# Why does the interval where the differential equation makes sense not include $x = 0$?

Here is the ODE equation $xy' = 2y$. A book states that the interval where it makes sense doesn't include $0$. Can you explain why? As to me, I think it is defined everywhere.

This problem is from the book "Ordinary Differential Equations - Harry Pollard, Morris Tenenbaum". The exact problem states: "Prove that the functions in the right-hand column below are solutions of the differential equations in the left-hand columns. (Be sure to state the common interval for which solution and differential equation make sense.)"

$xy' = 2y$ and $y = x^2$ with the answer $x \neq 0$

• $y'$ might have a discontinuity at $x=0.$ But otherwise you can define a $y$ that fits the diff eq. – Doug M Jun 28 '18 at 19:54
• @DougM, how it might have a discontinuity? – Turkhan Badalov Jun 28 '18 at 19:56
• The equation makes sense for $x=0$. It says that $y(x)=0$. If your interpretation of what the book is saying is accurate, then the book is wrong. A function that satisfies that equation for every $x$, must be of the form $y=Cx^2$ for $x\neq0$ and by continuity $y(0)=0$. – user569098 Jun 28 '18 at 19:56
• But check whether what they are saying is that or just excluding $x=0$ to then apply a method (say separation of variables, or integrating factor) to find the solution on $x\neq0$. Being the method, not the equation, the one that doesn't make sense for $x=0$. – user569098 Jun 28 '18 at 19:59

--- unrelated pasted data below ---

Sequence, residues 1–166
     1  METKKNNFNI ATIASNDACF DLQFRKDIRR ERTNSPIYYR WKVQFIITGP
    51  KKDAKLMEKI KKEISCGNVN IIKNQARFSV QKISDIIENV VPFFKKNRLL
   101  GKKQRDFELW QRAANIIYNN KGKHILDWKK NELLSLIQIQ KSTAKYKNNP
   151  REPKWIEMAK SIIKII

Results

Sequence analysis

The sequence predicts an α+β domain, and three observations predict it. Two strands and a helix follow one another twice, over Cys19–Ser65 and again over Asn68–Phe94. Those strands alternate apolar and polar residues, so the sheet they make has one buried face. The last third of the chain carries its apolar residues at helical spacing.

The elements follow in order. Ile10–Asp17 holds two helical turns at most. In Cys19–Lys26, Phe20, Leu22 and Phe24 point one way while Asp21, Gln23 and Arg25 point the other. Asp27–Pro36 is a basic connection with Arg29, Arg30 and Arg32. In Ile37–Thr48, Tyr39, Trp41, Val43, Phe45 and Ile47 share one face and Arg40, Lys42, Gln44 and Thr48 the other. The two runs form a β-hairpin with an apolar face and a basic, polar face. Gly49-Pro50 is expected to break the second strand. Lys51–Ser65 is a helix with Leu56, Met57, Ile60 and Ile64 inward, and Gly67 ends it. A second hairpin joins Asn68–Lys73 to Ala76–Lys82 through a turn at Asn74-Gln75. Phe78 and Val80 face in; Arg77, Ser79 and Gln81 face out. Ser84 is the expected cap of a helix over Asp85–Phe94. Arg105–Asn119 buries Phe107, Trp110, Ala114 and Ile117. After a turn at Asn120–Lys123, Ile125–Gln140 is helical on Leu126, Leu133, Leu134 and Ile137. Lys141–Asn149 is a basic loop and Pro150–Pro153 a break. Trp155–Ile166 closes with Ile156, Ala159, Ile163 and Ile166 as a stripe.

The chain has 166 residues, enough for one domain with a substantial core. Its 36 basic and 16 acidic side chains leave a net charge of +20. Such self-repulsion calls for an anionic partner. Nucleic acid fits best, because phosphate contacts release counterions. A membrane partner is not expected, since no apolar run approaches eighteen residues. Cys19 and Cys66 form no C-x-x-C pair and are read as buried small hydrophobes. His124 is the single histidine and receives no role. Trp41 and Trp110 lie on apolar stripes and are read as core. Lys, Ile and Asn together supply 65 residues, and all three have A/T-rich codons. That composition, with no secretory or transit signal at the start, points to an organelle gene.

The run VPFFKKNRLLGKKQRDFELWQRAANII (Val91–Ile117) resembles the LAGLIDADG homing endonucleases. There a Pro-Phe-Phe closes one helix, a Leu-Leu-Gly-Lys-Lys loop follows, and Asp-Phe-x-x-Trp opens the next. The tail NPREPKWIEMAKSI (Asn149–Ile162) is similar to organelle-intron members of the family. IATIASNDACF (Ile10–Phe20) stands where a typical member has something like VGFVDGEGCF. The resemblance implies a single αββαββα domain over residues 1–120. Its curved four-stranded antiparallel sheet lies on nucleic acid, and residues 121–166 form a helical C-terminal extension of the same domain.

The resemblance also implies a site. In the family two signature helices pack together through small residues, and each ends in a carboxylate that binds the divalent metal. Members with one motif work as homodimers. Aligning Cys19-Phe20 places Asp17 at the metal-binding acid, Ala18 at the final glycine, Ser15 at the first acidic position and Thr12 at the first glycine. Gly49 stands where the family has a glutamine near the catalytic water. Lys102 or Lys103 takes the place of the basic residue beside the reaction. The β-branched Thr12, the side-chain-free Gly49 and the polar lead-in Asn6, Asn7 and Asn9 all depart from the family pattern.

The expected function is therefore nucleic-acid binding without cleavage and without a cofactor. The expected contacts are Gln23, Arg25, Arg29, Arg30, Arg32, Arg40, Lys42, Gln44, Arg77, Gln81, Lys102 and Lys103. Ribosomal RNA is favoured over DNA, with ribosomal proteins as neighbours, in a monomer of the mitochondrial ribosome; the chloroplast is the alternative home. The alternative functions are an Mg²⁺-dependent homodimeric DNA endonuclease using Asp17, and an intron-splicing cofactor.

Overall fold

• I suspect your book intends to manipulate the equation into $\frac{y^\prime}{y} = \frac{2}{x}$ before solving, which is why they are (artificially) restricting $x$ to be nonzero. – Michael Biro Jun 28 '18 at 20:00

As equation, as LB_O commented, the formula makes sense. However, the equation does not allow to determine a slope for $x=0$ for $y\ne 0$, and for $y=0$ the slope is arbitrary. In that view the equation is not a differential equation at $x=0$.
In general the domain of an ODE $y'=f(x,y)$ is an open set where $f$ is continuous. For an implicit ODE $0=F(x,y,y')$ one demands that $0=F(x,y,v)$ has at least one solution $v$ for any $(x,y)$ in the domain and that $\partial_vF(x,y,v)$ is invertible there, or that at least a unique continuous solution $v=f(x,y)$ exists locally around that point.
If the determination of the domain of the ODE is focused on the $x$-axis as in the given task, then the domain in question has the form $I\times \Bbb R^n$ where $I$ is an open interval. Thus if one point $(x,y)$ is not in the domain, then the whole line $\{x\}\times\Bbb R^n$ is not in the domain.
Note that if you look at continuous continuations of solutions of the given ODE in $x=0$, then the general solution is $$y(x)=\begin{cases}C_1x^2&\text{ for }x\ge 0,\\C_2x^2&\text{ for }x<0,\end{cases}$$ with independent constants $C_1,C_2$.